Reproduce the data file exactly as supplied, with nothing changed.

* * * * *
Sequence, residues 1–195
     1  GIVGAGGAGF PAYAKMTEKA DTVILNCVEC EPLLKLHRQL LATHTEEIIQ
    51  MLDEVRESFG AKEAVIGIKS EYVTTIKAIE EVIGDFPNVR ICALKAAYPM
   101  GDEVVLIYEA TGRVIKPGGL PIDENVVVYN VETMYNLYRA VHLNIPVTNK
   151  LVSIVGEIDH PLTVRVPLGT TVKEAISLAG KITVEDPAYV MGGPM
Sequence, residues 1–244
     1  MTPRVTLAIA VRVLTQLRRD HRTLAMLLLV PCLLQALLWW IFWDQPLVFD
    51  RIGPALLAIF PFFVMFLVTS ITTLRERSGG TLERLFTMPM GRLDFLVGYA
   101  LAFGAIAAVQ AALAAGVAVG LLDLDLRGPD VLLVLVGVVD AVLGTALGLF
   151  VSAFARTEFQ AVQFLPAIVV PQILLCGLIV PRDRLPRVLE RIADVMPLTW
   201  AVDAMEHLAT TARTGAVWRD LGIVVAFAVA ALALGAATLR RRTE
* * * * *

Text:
Sequence, residues 1–195
     1  GIVGAGGAGF PAYAKMTEKA DTVILNCVEC EPLLKLHRQL LATHTEEIIQ
    51  MLDEVRESFG AKEAVIGIKS EYVTTIKAIE EVIGDFPNVR ICALKAAYPM
   101  GDEVVLIYEA TGRVIKPGGL PIDENVVVYN VETMYNLYRA VHLNIPVTNK
   151  LVSIVGEIDH PLTVRVPLGT TVKEAISLAG KITVEDPAYV MGGPM
Sequence, residues 1–244
     1  MTPRVTLAIA VRVLTQLRRD HRTLAMLLLV PCLLQALLWW IFWDQPLVFD
    51  RIGPALLAIF PFFVMFLVTS ITTLRERSGG TLERLFTMPM GRLDFLVGYA
   101  LAFGAIAAVQ AALAAGVAVG LLDLDLRGPD VLLVLVGVVD AVLGTALGLF
   151  VSAFARTEFQ AVQFLPAIVV PQILLCGLIV PRDRLPRVLE RIADVMPLTW
   201  AVDAMEHLAT TARTGAVWRD LGIVVAFAVA ALALGAATLR RRTE